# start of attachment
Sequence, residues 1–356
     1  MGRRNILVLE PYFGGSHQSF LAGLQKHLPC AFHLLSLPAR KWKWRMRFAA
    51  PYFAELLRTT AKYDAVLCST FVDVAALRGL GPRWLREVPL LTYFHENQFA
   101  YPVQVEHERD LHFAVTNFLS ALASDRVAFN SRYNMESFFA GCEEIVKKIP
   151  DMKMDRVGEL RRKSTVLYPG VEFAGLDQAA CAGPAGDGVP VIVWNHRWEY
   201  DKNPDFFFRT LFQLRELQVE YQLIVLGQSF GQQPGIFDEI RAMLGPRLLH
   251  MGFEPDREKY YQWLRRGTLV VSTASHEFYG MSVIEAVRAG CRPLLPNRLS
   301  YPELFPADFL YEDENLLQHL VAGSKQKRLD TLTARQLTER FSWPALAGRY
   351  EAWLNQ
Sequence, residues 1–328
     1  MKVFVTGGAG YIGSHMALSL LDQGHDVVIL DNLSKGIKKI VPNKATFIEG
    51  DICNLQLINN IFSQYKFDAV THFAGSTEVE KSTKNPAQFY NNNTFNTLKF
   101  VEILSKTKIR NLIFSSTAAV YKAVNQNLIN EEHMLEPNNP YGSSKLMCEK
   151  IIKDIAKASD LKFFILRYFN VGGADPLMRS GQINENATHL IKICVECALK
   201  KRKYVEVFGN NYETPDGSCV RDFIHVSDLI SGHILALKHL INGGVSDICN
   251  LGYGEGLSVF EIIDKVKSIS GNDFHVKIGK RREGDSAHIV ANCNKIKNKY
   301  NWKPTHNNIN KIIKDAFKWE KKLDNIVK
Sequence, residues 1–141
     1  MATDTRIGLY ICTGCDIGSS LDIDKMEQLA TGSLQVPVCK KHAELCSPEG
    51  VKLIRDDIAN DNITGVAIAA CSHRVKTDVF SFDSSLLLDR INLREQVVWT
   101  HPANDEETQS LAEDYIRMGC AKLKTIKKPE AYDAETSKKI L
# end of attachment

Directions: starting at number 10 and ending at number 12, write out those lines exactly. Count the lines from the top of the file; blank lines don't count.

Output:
Sequence, residues 1–328
     1  MKVFVTGGAG YIGSHMALSL LDQGHDVVIL DNLSKGIKKI VPNKATFIEG
    51  DICNLQLINN IFSQYKFDAV THFAGSTEVE KSTKNPAQFY NNNTFNTLKF